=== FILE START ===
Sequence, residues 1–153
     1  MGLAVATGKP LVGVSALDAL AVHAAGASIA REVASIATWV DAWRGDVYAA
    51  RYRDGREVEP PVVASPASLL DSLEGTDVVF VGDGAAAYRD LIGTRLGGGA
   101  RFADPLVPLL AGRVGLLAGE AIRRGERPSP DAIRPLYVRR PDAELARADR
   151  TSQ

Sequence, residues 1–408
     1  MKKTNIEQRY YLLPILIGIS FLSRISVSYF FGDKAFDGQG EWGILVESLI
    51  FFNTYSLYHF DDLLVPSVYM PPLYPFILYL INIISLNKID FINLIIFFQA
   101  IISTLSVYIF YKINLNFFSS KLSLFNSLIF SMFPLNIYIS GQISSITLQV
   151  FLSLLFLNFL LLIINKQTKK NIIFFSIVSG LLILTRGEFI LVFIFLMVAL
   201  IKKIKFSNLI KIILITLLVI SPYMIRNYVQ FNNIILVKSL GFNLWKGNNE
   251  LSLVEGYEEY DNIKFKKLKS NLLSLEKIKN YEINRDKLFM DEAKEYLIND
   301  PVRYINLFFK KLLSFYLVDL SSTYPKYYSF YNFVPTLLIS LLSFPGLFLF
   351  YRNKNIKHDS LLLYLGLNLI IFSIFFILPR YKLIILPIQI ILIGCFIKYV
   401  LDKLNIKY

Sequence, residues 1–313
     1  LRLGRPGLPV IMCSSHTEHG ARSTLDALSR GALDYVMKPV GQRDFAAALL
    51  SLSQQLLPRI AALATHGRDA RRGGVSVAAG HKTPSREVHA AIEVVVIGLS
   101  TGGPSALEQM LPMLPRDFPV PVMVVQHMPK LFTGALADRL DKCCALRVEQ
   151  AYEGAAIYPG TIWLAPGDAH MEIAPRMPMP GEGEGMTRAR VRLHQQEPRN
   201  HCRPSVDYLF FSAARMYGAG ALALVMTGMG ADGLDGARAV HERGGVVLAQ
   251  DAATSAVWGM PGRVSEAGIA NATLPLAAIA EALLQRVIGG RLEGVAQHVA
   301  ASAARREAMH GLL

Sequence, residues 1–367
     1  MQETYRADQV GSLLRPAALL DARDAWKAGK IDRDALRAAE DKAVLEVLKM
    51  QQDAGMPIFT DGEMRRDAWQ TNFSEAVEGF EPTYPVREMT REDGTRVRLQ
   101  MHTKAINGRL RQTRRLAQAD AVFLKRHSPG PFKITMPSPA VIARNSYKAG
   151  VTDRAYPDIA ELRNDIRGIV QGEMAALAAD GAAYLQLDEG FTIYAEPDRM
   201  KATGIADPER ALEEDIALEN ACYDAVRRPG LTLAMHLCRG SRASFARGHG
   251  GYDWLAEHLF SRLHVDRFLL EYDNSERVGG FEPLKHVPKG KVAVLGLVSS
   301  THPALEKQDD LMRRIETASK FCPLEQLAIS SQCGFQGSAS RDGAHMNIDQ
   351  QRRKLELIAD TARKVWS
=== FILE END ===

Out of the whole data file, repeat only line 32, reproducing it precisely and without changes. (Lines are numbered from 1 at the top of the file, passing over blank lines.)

   351  QRRKLELIAD TARKVWS